Asia

Comparing the 2011 and 2016 Japan earthquakes and tsunamis

  • In this image made from video released by Miyagi Prefectural Police, the water flows up river in the Sunaoshi River in Tagajo, Miyagi prefecture, northern Japan, as a tsunami warning is issued following a strong earthquake Tuesday, Nov. 22, 2016. A powerful earthquake off the northeast Japanese shore Tuesday sent residents fleeing to higher ground and prompted worries about the Fukushima nuclear power plant destroyed by a tsunami five year ago. The warning was lifted nearly four hours later. (Miyagi Prefectural Police/Kyodo News via AP)

    In this image made from video released by Miyagi Prefectural Police, the water flows up river in the Sunaoshi River in Tagajo, Miyagi prefecture, northern Japan, as a tsunami warning is issued following a strong earthquake Tuesday, Nov. 22, 2016. A powerful earthquake off the northeast Japanese shore Tuesday sent residents fleeing to higher ground and prompted worries about the Fukushima nuclear power plant destroyed by a tsunami five year ago. The warning was lifted nearly four hours later. (Miyagi Prefectural Police/Kyodo News via AP)  (The Associated Press)

  • Map locates where an earthquake struck off the coast of Japan; 1c x 2 inches; 46.5 mm x 50 mm;

    Map locates where an earthquake struck off the coast of Japan; 1c x 2 inches; 46.5 mm x 50 mm;  (The Associated Press)

Northeastern Japan escaped relatively unscathed Tuesday from the strongest earthquake to strike the region since a devastating and deadly temblor in 2011. A comparison of the two earthquakes:

MAGNITUDE

The Japan Meteorological Agency measured Tuesday's earthquake at magnitude 7.4. The U.S. Geological Survey recorded it at 6.9. Either way, it was much smaller than the 9.0 earthquake in 2011.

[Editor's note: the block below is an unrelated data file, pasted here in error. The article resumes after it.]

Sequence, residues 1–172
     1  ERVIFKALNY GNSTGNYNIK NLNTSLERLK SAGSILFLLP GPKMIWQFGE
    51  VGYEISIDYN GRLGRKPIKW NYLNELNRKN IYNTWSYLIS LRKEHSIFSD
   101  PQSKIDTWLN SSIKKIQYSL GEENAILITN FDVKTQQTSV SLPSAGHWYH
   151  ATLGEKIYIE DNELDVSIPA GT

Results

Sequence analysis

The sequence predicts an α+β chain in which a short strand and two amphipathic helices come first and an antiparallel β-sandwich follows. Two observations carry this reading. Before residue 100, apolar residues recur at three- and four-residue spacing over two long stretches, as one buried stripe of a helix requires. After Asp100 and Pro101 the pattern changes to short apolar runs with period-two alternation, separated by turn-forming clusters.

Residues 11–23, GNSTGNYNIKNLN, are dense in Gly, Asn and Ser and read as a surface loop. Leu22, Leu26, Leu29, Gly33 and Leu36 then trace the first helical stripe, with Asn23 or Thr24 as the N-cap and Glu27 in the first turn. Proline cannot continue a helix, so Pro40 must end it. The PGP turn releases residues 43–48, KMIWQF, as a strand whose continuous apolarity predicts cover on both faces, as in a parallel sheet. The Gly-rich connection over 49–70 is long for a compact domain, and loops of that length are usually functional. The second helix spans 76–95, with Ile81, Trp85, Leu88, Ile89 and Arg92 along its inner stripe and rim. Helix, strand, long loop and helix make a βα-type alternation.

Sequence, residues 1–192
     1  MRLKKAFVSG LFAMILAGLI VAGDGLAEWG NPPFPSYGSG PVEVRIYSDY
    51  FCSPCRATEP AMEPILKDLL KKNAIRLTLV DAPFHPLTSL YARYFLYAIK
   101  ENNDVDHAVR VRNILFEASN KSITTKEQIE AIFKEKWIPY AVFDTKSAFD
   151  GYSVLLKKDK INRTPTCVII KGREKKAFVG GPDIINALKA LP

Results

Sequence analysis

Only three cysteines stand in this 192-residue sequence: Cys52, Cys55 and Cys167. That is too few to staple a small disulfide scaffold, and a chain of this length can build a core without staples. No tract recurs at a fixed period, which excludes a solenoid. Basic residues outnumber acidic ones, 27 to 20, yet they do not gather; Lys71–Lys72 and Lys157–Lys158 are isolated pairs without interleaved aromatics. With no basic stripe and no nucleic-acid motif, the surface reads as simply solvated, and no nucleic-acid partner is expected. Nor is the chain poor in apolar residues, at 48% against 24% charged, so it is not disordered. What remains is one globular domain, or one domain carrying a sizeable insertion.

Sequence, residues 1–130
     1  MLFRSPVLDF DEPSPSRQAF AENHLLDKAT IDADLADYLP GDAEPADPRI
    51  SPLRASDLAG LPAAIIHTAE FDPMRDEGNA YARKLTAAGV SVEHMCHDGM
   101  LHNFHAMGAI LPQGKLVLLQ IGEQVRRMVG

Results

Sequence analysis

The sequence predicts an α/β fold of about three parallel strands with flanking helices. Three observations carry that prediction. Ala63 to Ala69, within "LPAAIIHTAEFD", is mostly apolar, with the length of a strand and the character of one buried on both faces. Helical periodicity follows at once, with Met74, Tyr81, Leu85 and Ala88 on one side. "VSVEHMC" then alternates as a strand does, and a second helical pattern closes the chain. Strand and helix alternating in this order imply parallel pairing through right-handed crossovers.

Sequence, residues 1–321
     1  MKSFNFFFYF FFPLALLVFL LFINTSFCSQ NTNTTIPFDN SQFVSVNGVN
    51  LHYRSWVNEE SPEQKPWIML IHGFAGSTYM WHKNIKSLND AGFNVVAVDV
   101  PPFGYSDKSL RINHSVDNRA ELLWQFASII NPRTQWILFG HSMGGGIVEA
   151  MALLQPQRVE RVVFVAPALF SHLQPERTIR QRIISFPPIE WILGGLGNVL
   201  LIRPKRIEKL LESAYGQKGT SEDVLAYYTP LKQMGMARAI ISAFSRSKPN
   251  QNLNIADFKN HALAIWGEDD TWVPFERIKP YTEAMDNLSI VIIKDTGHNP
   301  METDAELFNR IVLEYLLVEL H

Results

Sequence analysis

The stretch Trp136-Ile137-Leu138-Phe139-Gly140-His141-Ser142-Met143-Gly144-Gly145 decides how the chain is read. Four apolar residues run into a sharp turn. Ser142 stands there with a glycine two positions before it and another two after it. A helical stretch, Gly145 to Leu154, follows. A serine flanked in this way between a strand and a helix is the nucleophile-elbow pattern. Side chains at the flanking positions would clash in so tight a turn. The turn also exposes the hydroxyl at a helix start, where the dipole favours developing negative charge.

A magnitude 9.0 quake is 40 times bigger than a 7.4 one, and releases 250 times more energy, according to a USGS online calculator. The gap would be even bigger compared to a 6.9 quake.

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TSUNAMI

The latest earthquake generated tsunami waves of up to 1.4 meters (4.6 feet), causing a noticeable rise in water levels in some places, but not enough to overflow flood barriers.

The 2011 earthquake triggered tsunamis of 10 to 20 meters (30 to 60 feet) that rose even higher when the water was funneled up rivers that empty into the ocean.

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HUMAN TOLL

More than 18,000 people died in 2011, or are presumed dead (about 2,500 bodies were never recovered and may have been washed out to sea). The injury toll from the latest quake stood at 14 people as of Tuesday afternoon in Japan, including at least three with broken bones. No one has been reported dead or missing.

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DAMAGE

Entire neighborhoods disappeared in 2011 as a torrent of water swept over barriers and carried away homes, automobiles and people. Three reactors at the Fukushima nuclear power plant went into meltdown, spewing radiation into the surrounding area.

The tally is not final from the latest quake, but it will be much less. Two building fires broke out and were extinguished. A cooling water pump stopped functioning at one nuclear plant, but a backup pump restored the flow after 90 minutes.

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LOCATION

The epicenter of Tuesday's quake was about 130 kilometers (80 miles) southwest of the 2011 quake. Both were off the rugged Pacific coast of northeast Japan. The meteorological agency said the more recent quake was the latest aftershock from the 2011 mega-quake.